Anonymous could be seen as, despite their protests, another kind of emblem of Trump’s inability to attract the best, or even adequate, people. They seems like the kind of frat boy douchebag who was hoping for a Marco Rubio presidency. Someone shallow and shamelessly political, who has never had a real job, but who can do a passably tolerable impression of a man with some principles for the kind of reader who doesn’t read beyond the first two paragraphs of any newspaper not about a hockey fight or one of Marco’s Sunshine State compatriots doing something blissfully stupid involving alligators, the highway patrol, and a can of coffee that has been repurposed to hold his dope.
The anecdotes are frequently a mixture of the nonspecific and publicly known. You don’t need a senior administration official to tell you that John Kelly had a horrified look on his face when His Obesity defended the Nazis in Charlottesville.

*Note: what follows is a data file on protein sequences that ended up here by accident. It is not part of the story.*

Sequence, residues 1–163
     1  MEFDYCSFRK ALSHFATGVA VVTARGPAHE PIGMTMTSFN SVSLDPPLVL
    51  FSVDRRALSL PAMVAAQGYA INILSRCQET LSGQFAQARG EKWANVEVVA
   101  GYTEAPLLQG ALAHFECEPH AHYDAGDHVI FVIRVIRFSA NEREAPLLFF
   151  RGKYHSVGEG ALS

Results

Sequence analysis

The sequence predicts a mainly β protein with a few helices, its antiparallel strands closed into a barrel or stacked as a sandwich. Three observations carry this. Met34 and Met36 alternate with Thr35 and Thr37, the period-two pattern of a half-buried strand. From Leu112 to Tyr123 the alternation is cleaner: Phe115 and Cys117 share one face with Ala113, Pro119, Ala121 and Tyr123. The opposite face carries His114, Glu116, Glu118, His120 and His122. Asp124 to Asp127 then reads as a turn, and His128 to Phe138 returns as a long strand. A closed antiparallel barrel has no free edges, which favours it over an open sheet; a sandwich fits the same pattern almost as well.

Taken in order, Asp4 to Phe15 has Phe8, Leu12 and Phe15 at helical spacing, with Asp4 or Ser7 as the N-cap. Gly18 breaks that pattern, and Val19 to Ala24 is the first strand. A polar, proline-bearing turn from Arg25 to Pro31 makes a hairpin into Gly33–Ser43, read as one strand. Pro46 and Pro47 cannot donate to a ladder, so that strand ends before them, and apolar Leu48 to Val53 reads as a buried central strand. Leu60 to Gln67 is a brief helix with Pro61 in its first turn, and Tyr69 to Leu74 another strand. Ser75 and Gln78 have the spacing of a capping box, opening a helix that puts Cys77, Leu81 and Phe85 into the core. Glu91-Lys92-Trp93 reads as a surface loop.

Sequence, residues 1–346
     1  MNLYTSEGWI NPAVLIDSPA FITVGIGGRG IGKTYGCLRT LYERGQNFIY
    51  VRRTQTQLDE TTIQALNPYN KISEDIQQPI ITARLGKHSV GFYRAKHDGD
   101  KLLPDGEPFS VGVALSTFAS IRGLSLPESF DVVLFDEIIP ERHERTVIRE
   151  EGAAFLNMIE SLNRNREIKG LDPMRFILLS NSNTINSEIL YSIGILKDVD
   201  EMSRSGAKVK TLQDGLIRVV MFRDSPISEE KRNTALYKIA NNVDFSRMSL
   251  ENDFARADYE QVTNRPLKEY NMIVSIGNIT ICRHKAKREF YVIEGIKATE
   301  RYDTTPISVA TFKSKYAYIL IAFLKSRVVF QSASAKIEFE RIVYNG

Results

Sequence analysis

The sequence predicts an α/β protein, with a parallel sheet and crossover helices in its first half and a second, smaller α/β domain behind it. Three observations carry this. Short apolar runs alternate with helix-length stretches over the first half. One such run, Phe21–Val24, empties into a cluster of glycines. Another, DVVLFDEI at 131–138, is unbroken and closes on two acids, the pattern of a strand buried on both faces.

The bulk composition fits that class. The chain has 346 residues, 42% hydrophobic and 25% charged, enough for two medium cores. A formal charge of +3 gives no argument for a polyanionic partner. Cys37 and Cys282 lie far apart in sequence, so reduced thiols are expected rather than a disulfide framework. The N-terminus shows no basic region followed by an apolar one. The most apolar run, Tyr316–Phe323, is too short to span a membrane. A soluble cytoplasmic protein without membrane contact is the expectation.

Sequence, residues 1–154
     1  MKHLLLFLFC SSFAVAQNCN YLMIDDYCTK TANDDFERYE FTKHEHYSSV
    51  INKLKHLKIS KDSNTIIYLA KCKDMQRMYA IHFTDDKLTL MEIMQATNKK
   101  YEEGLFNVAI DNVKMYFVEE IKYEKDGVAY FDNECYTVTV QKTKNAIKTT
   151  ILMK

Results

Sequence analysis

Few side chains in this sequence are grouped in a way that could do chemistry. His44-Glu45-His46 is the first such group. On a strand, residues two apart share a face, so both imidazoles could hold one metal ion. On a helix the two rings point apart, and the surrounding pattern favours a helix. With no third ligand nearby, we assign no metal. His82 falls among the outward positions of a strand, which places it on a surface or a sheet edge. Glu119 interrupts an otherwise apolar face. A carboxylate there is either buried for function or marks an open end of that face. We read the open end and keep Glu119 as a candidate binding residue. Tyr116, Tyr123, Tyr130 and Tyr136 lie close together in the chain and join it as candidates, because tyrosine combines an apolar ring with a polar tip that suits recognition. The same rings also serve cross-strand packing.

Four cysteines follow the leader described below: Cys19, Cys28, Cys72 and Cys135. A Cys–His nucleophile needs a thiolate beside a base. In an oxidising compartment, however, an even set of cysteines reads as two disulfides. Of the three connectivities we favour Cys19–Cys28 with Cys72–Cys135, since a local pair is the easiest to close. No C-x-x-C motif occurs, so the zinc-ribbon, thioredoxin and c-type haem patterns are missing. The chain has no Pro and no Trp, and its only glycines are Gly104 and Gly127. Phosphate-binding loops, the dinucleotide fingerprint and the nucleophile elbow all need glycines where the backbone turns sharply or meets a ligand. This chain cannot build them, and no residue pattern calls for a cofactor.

There was one newish sounding nugget, though. When Trump is about to push a lawyer to do something patently illegal, he scans the room for people who might be taking notes and screams at them to stop.
Also, I think they are a man. But that’s neither here nor there and based on my own hidden prejudices, I suspect.
So why did I read another one of these Trump histories? I have sworn off them more times often than I have sworn to delete my Facebook account.
Well, the short version is that we were at the Northeastern Library (the little one was getting her first library card), which is an awesome library. Better, frankly, than the other two I visit regularly. The selection of books visible upon even a cursory examination were so exciting. Including this one. I should have known something was up when there wasn’t a waiting list, when it was just sitting there. Typically, these kinds of self flagellatory tomes have a longish waiting list of people ahead of you in the queue.